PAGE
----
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Individualised radial extracorporeal shock wave therapy (rESWT) for symptomatic calcific shoulder tendinopathy: a retrospective clinical study


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Individualised radial extracorporeal shock

wave therapy (rESWT) for symptomatic

calcific shoulder tendinopathy: a

retrospective clinical study

Nikolaos Malliaropoulos


, Dawn Thompson


, Maria Meke


, Debasish Pyne


, Dimosthenis Alaseirlis



Henry Atkinson


, Vasileios Korakakis


and Heinz Lohrer



Background:A retrospective single centre cohort analysis was performed to evaluate an individualised radial extracorporeal shock wave therapy (rESWT) protocol for treatment of symptomatic calcific shoulder tendinopathy. Methods:67 patients (79 Shoulders) were identified with 76 shoulders included for analysis. rESWT treatment protocol was adapted according to individual response to treatment. Variables included number of sessions, shockwave impulses, pressure and frequency. Success rate was estimated as the percentage of patients having ≥60% visual analogue score (VAS) pain decrease at follow-up. Recurrence at 1 year was recorded.

Results:Using this individualised symptom guided protocol, patients underwent a mean of 7 ± 1.5 rESWT sessions, with mean pressure of 1.7 ± 0.2 bar, mean frequency of 5 ± 0.3 Hz and 2175 ± 266 impulses. The mean pre-treatment VAS score of 6.7 ± 1.1 was significantly decreased to 3.2 ± 0.8 immediately post-pre-treatment, 2.6 ± 0.9 at 1 month, 1.7 ± 1.0 at 3 months and 0.8 ± 1.0 at 1 year follow up (α= 0.05). One-year success rate was estimated at 92% and 1-year recurrence rate was 7%.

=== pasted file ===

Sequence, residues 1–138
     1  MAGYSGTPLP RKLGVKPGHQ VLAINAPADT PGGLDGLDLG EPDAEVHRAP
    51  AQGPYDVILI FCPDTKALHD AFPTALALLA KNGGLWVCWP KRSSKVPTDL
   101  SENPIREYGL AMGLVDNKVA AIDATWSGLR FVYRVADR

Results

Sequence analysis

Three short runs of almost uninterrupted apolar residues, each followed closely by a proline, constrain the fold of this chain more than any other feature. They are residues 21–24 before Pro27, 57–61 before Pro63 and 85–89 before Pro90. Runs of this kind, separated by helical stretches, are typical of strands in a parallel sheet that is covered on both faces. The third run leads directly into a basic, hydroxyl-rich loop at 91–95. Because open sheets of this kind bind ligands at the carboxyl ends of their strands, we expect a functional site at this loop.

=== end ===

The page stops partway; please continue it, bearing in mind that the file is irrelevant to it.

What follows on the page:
Conclusions:We conclude that in this retrospective study an individualised rESWT protocol resulted in a high success rate with low number of recurrences. Randomised controlled trials to support these findings are recommended.

Keywords:ESWT, Radial extracorporeal shockwave therapy, Recurrence rate, Symptomatic shoulder calcifying tendinopathy, Treatment


Symptomatic calcifying tendinopathy of the shoulder is a common condition characterised by the accumulation of calcium hydroxyapatite crystals within the tendons of the rotator cuff muscles [1].

The condition often presents acutely, though can be sub-acute or chronic [2]. The natural history of the dis-ease is unclear, some consider it to be self-limiting though others report a protracted clinical course result-ing in significant disability [3, 4]. Calcification is most commonly found within the proximal supraspinatous

tendon at the‘critical zone,’an area of tendon at risk of tissue hypoxia [5–8]. The degenerative process may occur due to an impingement syndrome, poor blood supply, increased stress on the tendon and/or anatomical variations of the acromion [4, 9]. Typical features of symptomatic calcific shoulder tendinopathy include pain and temporary loss of function which can be severe and is worse during shoulder abduction [8, 10]. Clinical find-ings often include local tenderness usually with mechan-ical block and occasional crepitus; radiographmechan-ically detectable calcification near the rotator cuff insertion is also seen [11, 12].